Then, after reviewing the (also vague) criteria that balance the privacy claim with other legitimate interests and public interest considerations such as freedom of expression (Articles 6.1(f), 17a(3) and 17.3(a)), and possibly consulting with the user who uploaded the content if doubt remains, the intermediary either permanently erases the content (which, for search engines, means removing their link to it), or reinstates it (Articles 17.1 and 17a(3)). If it does erase the information, it is not required to notify the uploading user of having done so, but is required to notify any downstream publishers or recipients of the same content (Articles 13 and 17.2), and must apparently also disclose any information that it has about the uploading user to the person who requested its removal (Articles 14a(g) and 15(1)(g)).

Think about that for a moment. You place a comment on a website which mentions a few (truthful) facts about another person. Under the GDPR, that person can now demand the instant removal of your comment from the host of the website, while that host determines whether it might be okay to still publish it. If the host's decision goes against you (and you won't always be notified, so good luck spotting the pre-emptive deletion in time to plead your case to Google or Facebook or your ISP), your comment will be erased. If that comment was syndicated, by RSS or some other mechanism, your deleting host is now obliged to let anyone else know that they should also remove the content.

Finally, according to the existing language, while the host is dissuaded from telling you about any of this procedure, they are compelled to hand over personal information about you to the original complainant. So this part of EU's data protection law would actually release personal information!

What are the incentives for the intermediary to stand by the author and keep the material online? If the host fails to remove content that a data protection authority later determines it should have removed, it may become liable to astronomical penalties of €100 million or up to 5% of its global turnover, whichever is higher (Article 79).

That means there is enormous pressure on the intermediary to take information down if there is even a remote possibility that the information has indeed become “irrelevant”, and that countervailing public interest considerations do not apply.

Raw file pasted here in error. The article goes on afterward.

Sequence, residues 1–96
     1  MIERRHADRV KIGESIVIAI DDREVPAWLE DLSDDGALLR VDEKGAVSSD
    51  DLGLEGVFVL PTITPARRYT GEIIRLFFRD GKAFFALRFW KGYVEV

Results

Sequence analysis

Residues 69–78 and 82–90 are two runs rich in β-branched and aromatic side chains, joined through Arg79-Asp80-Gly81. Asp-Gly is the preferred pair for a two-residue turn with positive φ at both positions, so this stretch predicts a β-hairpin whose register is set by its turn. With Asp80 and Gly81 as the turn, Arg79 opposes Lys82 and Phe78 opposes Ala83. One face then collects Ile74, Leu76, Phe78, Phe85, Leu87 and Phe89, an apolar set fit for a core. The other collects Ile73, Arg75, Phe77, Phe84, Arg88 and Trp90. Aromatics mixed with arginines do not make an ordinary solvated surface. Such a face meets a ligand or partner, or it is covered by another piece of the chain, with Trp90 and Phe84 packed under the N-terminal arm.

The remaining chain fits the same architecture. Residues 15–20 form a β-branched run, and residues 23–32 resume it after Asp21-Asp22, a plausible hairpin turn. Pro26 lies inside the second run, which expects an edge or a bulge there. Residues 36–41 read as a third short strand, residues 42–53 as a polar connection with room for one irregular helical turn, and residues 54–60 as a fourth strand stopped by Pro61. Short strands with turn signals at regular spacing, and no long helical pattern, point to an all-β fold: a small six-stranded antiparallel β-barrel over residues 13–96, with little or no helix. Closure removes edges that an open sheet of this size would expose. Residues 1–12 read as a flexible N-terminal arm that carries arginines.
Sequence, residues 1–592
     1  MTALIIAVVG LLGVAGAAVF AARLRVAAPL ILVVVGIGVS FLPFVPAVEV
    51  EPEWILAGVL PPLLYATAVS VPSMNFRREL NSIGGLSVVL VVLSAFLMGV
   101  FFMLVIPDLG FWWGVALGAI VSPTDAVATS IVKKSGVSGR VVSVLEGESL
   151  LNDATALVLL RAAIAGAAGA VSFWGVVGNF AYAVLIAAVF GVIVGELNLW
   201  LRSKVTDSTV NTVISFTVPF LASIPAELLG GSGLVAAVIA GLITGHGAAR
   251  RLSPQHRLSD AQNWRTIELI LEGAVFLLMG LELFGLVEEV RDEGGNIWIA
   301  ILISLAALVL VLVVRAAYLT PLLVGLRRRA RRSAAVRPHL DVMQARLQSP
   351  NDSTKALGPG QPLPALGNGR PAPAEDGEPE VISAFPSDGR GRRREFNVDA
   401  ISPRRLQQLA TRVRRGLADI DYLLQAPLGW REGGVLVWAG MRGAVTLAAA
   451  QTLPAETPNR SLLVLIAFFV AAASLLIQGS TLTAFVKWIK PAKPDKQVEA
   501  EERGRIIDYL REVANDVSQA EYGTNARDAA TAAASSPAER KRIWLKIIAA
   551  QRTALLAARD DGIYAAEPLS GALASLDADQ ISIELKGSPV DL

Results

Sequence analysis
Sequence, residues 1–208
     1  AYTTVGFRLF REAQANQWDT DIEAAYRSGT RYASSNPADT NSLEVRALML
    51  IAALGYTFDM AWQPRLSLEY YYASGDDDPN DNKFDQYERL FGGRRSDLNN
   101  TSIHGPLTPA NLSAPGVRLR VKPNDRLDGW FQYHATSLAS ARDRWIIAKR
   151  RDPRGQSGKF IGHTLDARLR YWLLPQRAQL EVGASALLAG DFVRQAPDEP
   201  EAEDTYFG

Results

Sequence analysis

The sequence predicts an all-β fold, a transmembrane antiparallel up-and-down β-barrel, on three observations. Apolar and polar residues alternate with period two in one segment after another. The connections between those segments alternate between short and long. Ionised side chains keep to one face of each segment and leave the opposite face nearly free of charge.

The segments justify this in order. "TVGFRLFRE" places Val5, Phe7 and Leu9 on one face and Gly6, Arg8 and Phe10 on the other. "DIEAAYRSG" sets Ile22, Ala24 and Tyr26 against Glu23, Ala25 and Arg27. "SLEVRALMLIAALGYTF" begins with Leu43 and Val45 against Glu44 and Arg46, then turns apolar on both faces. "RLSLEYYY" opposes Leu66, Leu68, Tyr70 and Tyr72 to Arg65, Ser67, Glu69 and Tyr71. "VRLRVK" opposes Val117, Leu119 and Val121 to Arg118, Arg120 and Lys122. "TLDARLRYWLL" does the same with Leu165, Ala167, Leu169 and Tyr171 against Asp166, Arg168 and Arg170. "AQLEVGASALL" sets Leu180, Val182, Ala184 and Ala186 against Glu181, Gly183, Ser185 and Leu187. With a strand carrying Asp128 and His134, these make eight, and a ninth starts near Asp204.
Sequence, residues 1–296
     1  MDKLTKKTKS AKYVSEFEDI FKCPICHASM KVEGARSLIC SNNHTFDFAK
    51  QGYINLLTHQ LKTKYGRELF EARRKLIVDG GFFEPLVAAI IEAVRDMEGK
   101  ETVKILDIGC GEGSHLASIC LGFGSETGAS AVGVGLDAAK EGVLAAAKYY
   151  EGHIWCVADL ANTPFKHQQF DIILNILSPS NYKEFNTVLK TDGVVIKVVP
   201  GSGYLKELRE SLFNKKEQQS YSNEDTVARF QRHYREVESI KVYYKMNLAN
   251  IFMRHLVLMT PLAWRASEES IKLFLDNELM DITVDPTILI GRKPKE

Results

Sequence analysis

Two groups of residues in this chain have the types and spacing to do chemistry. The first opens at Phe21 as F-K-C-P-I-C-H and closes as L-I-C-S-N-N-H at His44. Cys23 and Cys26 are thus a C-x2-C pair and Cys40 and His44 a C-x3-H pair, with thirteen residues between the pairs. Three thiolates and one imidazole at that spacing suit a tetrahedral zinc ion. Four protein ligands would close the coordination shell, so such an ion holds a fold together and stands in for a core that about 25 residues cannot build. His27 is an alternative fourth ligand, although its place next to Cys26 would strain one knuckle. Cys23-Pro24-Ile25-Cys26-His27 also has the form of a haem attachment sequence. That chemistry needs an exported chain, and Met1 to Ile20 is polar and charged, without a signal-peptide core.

These procedures are deficient in many important respects, a few of which are mentioned here:

  • Contrary to principle 2 of the Manila Principles on Intermediary Liability, they impose an obligation on an intermediary to remove content prior to any order by an independent and impartial judicial authority. Indeed, the initial obligation to restrict content comes even before the intermediary themselves has had an opportunity to substantively consider the removal request.
  • Contrary to principle 3 of the Manila Principles, the GDPR does not set out any detailed minimum requirements for requests for erasure of content, such as the details of the applicant, the exact location of the content, and the presumed legal basis for the request for erasure, which could help the intermediary to quickly identify baseless requests.
  • Contrary to principle 5, there is an utter lack of due process for the user who uploaded the content, either at the stage of initial restriction or before final erasure. This make the regime even more likely to result in mistaken over-blocking than the DMCA, or its European equivalent the E-Commerce Directive, which do allow for such a counter-notice procedure.
  • Contrary to principle 6, there is precious little transparency or accountability built into this process. The intermediary is not, generally, allowed to publish a notice identifying the restriction of particular content to the public at large, or even to notify the user who uploaded the content (except in difficult cases).

More details of these problems, and more importantly some possible textual solutions, have been identified in a series of posts by Daphne Keller, Director of Intermediary Liability at The Center for Internet and Society (CIS) of Stanford Law School. However at this late stage of the negotiations over the GDPR in a process of “trialogue” between the European Union institutions, it will be quite a challenge to effect the necessary changes.

Even so, it is not too late yet: proposed amendments to the GDPR are still being considered. We have written a joint letter with ARTICLE 19 to European policymakers, drawing their attention to the problem and explaining what needs to be done. We contend that the problems identified can be overcome by relatively simple amendments to the GDPR, which will help to secure European users' freedom of expression, without detracting from the strong protection that the regime affords to their personal data.

Without fixing the problem, the current draft risks sullying the entire GDPR project. Just like the DMCA takedown process, these GDPR removals won't just be used for the limited purpose they were intended for. Instead, it will be abused to censor authors and invade the privacy of speakers. A GDPR without fixes will damage the reputation of data protection law as effectively as the DMCA permanently tarnished the intent and purpose of copyright law.

Share this: Share on Twitter Share on Facebook Share on Google+ Share on Diaspora  ||  Join EFF

Page 1 of 2